• forumics
    • 7 years ago

    why doesn’t amd have the capability to manufacture SSDs on their own?
    glofo has massive manufacturing capabilities don’t they?
    all they need now is somebody to write up the firmware and they’ll have a kickass SSD riding on years of AMD experience to sell

    i know i’d be one of the 1st in line to buy their SSDs!

      • neon
      • 7 years ago

      AMD used to have a joint venture with Fujitsu, called Spansion, for manufacture of memory chips. They spun it off into an independent company several years ago. I think they still operate a fab in Austin.

      • Zoomer
      • 7 years ago

      Different fab technology.

    • yogibbear
    • 7 years ago

    If they sell cheap SSDs that are better than average… could make for great complement to a Samsung SSD as the OS drive. Buy a bunch of Radeon SSDs and turn them into a raided media/steam stack.

    • Chrispy_
    • 7 years ago

    Oh the poor SSD bandwagon.
    How many more people will try to jump on before it collapses in a heap?

    • rwburnham
    • 7 years ago

    Their hardware are great values, so if they can continue that trend with the SSDs, I’m all in.

    • Sahrin
    • 7 years ago

    I was just thinking AMD was one SSD away from competing with Intel and nVidia.

    • dmjifn
    • 7 years ago

    That’s exciting! Maybe the next step is Radeon-branded usb thumb drives! Kingston’s quaking – AMD TOO DOMINATE!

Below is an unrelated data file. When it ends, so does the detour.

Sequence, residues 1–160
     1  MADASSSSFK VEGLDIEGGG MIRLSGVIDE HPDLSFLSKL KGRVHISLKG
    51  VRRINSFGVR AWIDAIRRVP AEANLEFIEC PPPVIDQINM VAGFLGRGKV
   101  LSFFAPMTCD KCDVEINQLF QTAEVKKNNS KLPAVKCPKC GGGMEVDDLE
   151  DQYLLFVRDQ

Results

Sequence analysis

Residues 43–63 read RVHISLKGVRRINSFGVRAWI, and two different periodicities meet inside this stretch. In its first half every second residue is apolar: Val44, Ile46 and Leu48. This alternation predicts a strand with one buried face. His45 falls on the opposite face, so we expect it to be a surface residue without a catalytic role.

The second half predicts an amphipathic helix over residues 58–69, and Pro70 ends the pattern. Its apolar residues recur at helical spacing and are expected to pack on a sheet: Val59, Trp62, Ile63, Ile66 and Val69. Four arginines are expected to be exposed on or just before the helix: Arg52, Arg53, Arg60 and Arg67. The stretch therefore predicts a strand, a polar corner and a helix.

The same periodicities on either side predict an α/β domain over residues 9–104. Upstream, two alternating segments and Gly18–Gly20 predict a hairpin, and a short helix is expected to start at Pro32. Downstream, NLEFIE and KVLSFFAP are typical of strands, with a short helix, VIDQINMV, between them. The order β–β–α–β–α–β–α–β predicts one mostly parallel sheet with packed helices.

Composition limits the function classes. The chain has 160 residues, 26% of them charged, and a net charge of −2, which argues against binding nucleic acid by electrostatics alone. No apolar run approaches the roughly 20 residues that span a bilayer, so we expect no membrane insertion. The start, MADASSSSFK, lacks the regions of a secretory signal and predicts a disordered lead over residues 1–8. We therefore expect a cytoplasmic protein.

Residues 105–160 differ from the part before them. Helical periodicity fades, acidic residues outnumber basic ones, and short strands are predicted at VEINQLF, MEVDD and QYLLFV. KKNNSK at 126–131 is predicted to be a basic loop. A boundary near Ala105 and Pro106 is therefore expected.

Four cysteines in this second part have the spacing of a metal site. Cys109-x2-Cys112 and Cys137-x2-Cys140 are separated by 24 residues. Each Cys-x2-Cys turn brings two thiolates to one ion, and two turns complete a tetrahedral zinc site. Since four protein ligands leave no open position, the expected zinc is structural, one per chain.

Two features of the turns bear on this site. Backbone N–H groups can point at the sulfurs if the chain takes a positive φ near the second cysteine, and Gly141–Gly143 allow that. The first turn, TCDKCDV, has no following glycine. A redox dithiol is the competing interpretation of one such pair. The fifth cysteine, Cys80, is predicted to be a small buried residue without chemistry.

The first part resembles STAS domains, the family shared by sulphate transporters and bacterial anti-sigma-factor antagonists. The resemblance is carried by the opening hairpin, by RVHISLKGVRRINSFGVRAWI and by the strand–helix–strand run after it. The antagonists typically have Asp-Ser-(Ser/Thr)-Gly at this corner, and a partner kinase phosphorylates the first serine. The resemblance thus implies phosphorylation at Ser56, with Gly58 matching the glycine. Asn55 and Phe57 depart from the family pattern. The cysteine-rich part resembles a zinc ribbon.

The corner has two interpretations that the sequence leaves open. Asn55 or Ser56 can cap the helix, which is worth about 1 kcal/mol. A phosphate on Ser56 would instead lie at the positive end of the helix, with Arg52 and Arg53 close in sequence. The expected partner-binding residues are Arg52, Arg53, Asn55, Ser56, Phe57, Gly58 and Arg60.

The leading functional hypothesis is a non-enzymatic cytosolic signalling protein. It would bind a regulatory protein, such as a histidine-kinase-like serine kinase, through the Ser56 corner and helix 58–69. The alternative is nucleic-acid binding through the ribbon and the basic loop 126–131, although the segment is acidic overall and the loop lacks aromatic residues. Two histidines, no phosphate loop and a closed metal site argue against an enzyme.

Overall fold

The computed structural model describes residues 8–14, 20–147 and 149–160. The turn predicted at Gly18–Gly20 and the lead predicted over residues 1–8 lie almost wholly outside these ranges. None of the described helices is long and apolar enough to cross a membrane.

More seriously – I thought companies were supposed to succeed by doing things other companies couldn’t, or at least by doing them better. If they pursue this from a rebanding perspective, that seems like a dead giveaway that they’re cashing in on the way out.

    • Arclight
    • 7 years ago

    Another bad management decision just like the aquisition of SeaMicro…..this company MUST go bankrupt because it would defy logic if they manage to stay afloat.

      • Ringofett
      • 7 years ago

      Not just bankruptcy, but fire the board of directors, too. Everybody always targets the CEO, but when so many CEO’s come and go and things keep getting worse, then what the heck is the board doing to earn their paychecks?

    • Meadows
    • 7 years ago

    Actually, if there were an AMD SSD that provided better price/performance than competing offerings (similarly to how they’ve done business on the CPU side since forever), I might even consider buying that.

    It’s 2012 and so far I’ve found no difficulty in resisting SSDs, and I’m waiting for someone or something to change that.

    • Firestarter
    • 7 years ago

    I have 16GB of AMD-branded RAM in my PC. It’s like RAM, but with an AMD sticker!

      • Srsly_Bro
      • 7 years ago

      Are they Crossfired?

        • NeelyCam